Antibiotic resistance is a major threat to public health.
On 13 February 2017, Public Health England (PHE) will launch a campaign in your region titled 'Keep Antibiotics Working' The campaign will focus on women aged 20 to 45, who have primary responsibility for family health. It is also aimed at those over 50, with a focus on those with recurrent conditions and high levels of contact with their GP.
In 2016, the North West region was highlighted as having the highest number of antibiotics prescribed in the UK. As part of the campaign health professionals from across the Trust will be raising awareness of antibiotic resistance and encouraging colleagues, patients, family and friends to make a pledge about making better use of antibiotics and also signing up to become an antibiotic guardian.
Without effective antibiotics many routine treatments will become increasingly dangerous. Setting broken bones, basic operations, even chemotherapy and animal health all rely on access to antibiotics that work. By 2050, the death toll could be a staggering one person every three seconds if antibiotic resistance is not tackled now1.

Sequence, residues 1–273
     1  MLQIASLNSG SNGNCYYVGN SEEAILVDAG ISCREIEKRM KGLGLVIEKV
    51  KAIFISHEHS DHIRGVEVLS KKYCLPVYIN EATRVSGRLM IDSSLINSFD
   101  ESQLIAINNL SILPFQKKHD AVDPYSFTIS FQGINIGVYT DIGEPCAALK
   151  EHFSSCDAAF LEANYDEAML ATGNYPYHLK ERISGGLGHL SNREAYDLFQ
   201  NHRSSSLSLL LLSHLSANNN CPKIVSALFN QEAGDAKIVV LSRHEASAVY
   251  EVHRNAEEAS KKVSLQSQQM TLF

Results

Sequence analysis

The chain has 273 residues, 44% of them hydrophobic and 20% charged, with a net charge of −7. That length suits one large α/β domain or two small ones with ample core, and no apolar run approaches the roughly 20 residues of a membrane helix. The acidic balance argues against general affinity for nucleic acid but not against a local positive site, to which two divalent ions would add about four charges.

Alison Butt, Head of Medicines Management at LCH explains: “Last year over 35 million antibiotic prescriptions were prescribed nationally by GPs. The more we use antibiotics, the greater the chance bacteria will become resistant to them and they can no longer be used to treat infections.”
“We all have a part to play and can help to slow down the development of antibiotic resistance by using antibiotics in the right way when we need them. Most coughs, colds, sore throats and vomiting do not require antibiotics as they are viral infections, so please ask your pharmacist for advice and treatment options.”
Below are the top tips to prevent antibiotic resistance and how to use antibiotics effectively:
- Good hygiene is essential in reducing the risk of spread of infections
- They should be taken at regular intervals, never be shared and the full course of treatment should be completed – not saved for the future.
- Antibiotics do not work for colds, or for most coughs, sore throat, earache or viral infections. Your body can usually fight these infections on its own. Please consider alternatives and speak to your local pharmacist about over the counter remedies.
- Antibiotics should be used to treat bacterial infections and only prescribed by a certified health professional.
- The more we use antibiotics, the greater the chance that bacteria will become resistant to them so that they no longer work on our infections.
- If you are eligible for a flu jab, please ensure you are vaccinated to prevent the spread of infection.
Please sign up and encourage your family/friends and colleagues to be an antibiotic guardian by taking a pledge to show how you will act to support the prevention of antimicrobial resistance at www.antibioticguardian.com. Pledges can be as simple as talking to the pharmacist about treating cold and respiratory symptoms and ensuring your hands are washed for at least 30 seconds.
So far just over 44,000 people have signed up, please get your friends and family to sign up today.